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Boeing’s Safety Concerns, the Rise of Private Jets and Weight-loss Drugs Instill Fear: What We’re Reading This Week

Feb. 9, 2024
A look at some safety news of note.

Happy Friday, all! I hope you’ve had another fantastic and safe week.

As I write this, the sun is shining and the temperature is in the 50s, far from what I’ve seen some years in February. I’m seeing a meme that we’re in the “false spring” season, and it made me think about our own seasons. Where are you in your journey? What are you striving toward? What are you looking forward to?

Maybe you’re excited for the Super Bowl. Maybe you’re excited for the Halftime Show. Maybe you’re excited for the snacks. Or maybe you’re excited about something else not related to the big game.

Sometimes, I have these aha moments where I feel like there’s no getting away from safety. In the previous example, I can think of a dozen safety concerns, including players’ health and well-being, stadium security, safe food handling. Safety is such a driving force—and a powerful tool to connect with others.

For example, if you lead a safety talk about wintry weather conditions, an employee might tell their family or neighbors about the early signs of hypothermia. In doing so, you’re potentially helping not just one person but several people. If you’re struggling with your safety program, or your numbers aren’t headed in the right direction, I hope you can pause and reflect on your ability to help people and impact lives, even if you can’t see the results you want in the moment.

In the meantime, please comment below if there’s something EHS Today can do to help you. Until next time, be safe and be well!

Boeing’s Turmoil on the Ground and in the Air

You’ve likely seen Boeing in the news lately. A panel blowing off mid-air is of a few problems the company has experienced in the past few years. And, for many consumers, it’s surprising given what we know about Boeing’s long-standing reputation.

That’s why I so enjoyed reading Chris Isidore’s analysis of what’s going on at the aerospace manufacturer.

We’ve seen when companies, indeed other airspace companies, put profit over people. It’s not acceptable in any industry but not tolerated for air travel, with its strict regulations and safety record. There has not been a fatal crash of a U.S. airliner since 2009, and flying remains safer than driving a car.

But a new poll from The Associated Press-NORC Center for Public Affairs Research suggests attitudes might be changing.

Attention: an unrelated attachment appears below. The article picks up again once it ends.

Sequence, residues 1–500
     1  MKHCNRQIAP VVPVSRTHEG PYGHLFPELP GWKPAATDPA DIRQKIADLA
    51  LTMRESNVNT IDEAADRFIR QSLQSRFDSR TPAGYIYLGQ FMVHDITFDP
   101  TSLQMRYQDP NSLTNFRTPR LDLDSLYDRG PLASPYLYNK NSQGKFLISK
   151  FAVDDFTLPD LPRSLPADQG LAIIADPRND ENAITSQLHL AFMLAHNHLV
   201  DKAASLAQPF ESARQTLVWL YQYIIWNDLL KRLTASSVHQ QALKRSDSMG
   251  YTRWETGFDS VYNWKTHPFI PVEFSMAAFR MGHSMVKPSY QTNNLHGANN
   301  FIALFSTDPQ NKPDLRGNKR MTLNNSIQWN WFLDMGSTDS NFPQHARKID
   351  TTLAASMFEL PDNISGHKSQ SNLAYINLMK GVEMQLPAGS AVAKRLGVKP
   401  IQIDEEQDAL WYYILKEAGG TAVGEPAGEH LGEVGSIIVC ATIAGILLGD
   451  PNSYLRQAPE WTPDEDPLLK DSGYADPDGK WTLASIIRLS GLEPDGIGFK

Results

About 40% of U.S. adults have a great deal of confidence that both pilots and air traffic controllers can maintain the safety of air travel.  Only about 20% are confident in the work federal agencies, commercial airlines, or airplane manufacturers do to uphold air safety.

Read an in-depth analysis on Boeing here.

Private Jet Use is Heating up—and That’s Bad for the Planet

In all the run up to the Super Bowl, I didn’t expect to read a story about private aircraft. An estimated 1,000 private planes are expected to touch down at Las Vegas area airports for the big game, which begs the question of their environmental impact.

A professor in public policy sustainability told The New York Times that local greenhouse gas emissions will at least double average energy usage because of all the air traffic surrounding the Super Bowl. The article notes that the Super Bowl is one of the U.S.’s largest annual attractions for private planes.

 It can be difficult to quantify the exact carbon dioxide emissions from a cluster of private planes, in part because most municipal authorities don’t track emissions.

An estimated one in every six flights handled by the Federal Aviation Administration is a private jet. Globally, the number of private jets has more than doubled in the past two decades, and sales of private planes is expected to continue this upward trajectory. This means it will only get more challenging to quantify environmental impact at the exact moment when climate experts warn we must curtail global warming emissions to 1.5 degrees Celsius about preindustrial levels—or face catastrophic consequences.

Read more about the impact of private jets descending in Las Vegas here.

Weight-loss Drugs Frighten Executives

I saw this story trending yesterday, and all I can say is wow. I don’t want to give too much away because the Bloomberg story is definitely worth a read but let me give you some background.

The new class of powerfully effective weight-loss drugs, such as Ozempic and Wegovy, have are helping people achieve results that heretofore could only be seen medically with surgery. The ability to help people on their weight-loss journey and improve many aspects of their life, such as better diabetes management, seems like an all-around net positive.

I’ve read articles about the shortages and supply chain issues, how the new class of weight loss drugs are reshaping Denmark’s economy and debates about whether to cover these drugs under health insurance policies because of their high cost.

But I have not yet seen an article detailing concerns from other executives and companies in a wide range of industries that are grappling for “how a less hungry, potentially healthier customer will affect business.”

For example, authors Naomi Kresge and Madison Muller report that Conagra Brands’ CEO told analysts—perhaps as a way to reassure shareholders—in 2023 that the company employs a department of demand scientists to study changes in consumer behavior.

I encourage you to read the full article, which has one of the best headlines I’ve ever read, here.

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